All surgical intervention begins with the incision of the lining tissues, in the oral cavity the intervention begins with the removal of soft tissues or the completion of a flap to address the jaws.
The incision consists in opening the most superficial tissues to see the deepest ones, by means of mechanical procedures (such as the scalpel or scissors) or thermal procedures (such as the electrosurgery or the laser).
A flap is a portion of tissue, with its own vascular contribution, that the surgeon has designed to be able to comfortably access the operative field and because, once at rest, heal without difficulty. In the oral cavity, the most frequently used flaps are those of total thickness, that is, mucoperiosstics.
The incisions must be made with discharges, that is, with other vertical incisions, side and side, and distally to achieve a good flap irrigation and so that it does not tear.
The incisions to be made are conditioned by the anatomical characteristics, the type of pathology present and the approach.
What Types of Incisions Exist in Oral Surgery?
Depending on the layout of the incisions, the following flaps are distinguished:
- Sulcular incision
- Gingival or enveloping incision
- Triangular incision (partial Neumann)
- Trapezoidal Incision (Neumann)
- Adhered gum incision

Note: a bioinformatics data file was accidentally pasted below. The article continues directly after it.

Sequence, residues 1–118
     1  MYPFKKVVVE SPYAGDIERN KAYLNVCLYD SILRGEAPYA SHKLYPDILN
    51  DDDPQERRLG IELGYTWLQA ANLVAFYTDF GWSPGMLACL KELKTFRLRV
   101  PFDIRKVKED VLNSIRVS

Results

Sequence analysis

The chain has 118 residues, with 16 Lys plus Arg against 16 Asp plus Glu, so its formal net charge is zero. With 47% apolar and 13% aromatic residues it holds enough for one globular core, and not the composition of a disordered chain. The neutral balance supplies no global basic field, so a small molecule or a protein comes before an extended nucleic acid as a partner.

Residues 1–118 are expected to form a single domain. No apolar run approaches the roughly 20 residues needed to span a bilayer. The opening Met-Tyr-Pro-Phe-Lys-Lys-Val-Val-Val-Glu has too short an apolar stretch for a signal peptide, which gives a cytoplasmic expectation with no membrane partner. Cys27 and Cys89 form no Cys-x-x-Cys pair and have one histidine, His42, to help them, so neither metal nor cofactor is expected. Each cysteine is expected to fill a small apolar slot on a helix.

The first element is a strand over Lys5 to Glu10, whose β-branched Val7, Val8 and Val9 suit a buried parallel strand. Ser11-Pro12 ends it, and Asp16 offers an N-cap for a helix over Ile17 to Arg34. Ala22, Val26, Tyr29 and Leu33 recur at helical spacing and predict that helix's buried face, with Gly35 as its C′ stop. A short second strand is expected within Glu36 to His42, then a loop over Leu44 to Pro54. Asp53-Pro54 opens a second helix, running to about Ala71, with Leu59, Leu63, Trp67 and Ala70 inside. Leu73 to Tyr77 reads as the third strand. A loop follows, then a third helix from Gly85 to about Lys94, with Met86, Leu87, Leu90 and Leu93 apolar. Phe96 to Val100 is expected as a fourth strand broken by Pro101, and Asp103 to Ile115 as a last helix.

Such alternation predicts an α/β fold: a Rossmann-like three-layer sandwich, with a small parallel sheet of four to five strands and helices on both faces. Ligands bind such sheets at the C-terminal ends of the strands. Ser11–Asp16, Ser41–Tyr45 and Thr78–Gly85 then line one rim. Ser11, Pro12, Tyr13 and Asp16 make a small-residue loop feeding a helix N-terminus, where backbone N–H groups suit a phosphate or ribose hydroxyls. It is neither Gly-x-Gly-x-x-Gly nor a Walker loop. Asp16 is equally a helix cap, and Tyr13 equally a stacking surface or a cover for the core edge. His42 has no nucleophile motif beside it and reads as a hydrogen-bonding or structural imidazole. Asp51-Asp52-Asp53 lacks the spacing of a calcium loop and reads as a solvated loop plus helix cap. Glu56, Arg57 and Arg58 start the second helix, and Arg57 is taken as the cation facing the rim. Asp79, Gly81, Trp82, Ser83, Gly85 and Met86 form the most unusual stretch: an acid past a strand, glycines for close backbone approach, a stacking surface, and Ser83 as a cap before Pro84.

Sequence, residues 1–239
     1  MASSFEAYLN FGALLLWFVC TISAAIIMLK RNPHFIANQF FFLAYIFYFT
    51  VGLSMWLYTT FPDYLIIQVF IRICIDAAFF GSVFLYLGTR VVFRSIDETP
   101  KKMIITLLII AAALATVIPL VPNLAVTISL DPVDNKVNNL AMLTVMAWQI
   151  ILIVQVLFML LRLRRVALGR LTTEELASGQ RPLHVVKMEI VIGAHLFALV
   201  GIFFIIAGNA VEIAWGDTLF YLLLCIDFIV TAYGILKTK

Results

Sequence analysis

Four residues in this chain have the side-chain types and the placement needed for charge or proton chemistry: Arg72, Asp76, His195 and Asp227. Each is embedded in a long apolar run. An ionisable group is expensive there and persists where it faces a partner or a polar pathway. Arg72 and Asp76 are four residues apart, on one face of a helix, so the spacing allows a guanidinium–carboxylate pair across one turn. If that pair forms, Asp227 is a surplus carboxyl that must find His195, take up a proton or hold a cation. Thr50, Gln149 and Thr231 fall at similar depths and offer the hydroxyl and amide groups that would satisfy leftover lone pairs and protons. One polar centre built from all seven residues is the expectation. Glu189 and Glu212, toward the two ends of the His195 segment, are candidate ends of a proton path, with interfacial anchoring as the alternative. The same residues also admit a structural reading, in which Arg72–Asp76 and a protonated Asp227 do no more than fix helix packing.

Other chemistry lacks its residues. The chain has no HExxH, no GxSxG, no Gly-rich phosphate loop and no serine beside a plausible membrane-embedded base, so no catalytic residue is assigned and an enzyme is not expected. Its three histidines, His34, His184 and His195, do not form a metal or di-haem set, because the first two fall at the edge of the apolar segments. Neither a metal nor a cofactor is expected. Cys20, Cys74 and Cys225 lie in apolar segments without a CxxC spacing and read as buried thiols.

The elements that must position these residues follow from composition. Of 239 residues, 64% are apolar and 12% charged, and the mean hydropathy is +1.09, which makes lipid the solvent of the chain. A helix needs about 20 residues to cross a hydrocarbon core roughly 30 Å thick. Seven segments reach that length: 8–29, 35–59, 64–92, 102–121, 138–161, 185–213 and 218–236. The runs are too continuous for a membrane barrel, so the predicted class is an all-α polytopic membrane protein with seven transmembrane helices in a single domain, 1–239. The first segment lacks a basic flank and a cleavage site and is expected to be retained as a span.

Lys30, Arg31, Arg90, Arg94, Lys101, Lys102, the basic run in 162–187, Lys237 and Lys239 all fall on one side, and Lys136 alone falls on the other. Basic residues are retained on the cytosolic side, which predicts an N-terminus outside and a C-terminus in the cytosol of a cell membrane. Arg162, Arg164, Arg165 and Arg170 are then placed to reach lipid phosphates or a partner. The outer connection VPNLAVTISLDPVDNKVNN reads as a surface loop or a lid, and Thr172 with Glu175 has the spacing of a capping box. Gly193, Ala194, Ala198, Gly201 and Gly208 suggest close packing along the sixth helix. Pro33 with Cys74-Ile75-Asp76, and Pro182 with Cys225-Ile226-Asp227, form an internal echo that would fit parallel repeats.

- Modified Semilunar Incision
- Semilunar incision
- Linear incision
The sulcular ares incisions consist of making the incision in the area of the dental groove. This can be of three different types. The first, the gingival incision, consists in making the incision following the scalloped path of the gingival groove and the dental necks, without any discharge. The second, the triangular incision is also known as a partial Neumann incision, consists of making only one discharge per vestibular. Finally, the third type of incision, the trapezoidal incision or also called the Neumann incision , being the same as the previous one but in the trapezoidal incision two discharges are made by vestibular, one to mesial and another distal to the main incision.
The incisions in the gum attached are made in such a way that the incision is 2 millimeters above the gingival ridge, in the gum attached. A modified semilunar incision can be made which consists of a wavy horizontal incision in the gum attached or in the border area with the oral mucosa (2-4 millimeters from the gingival flange). The semilunar incision is made concavely towards the apical area. This can be done at any level of the mucosa, depending on the existing pathology. Finally, the linear incision, as the name implies, the incision is horizontal along the path of a straight line.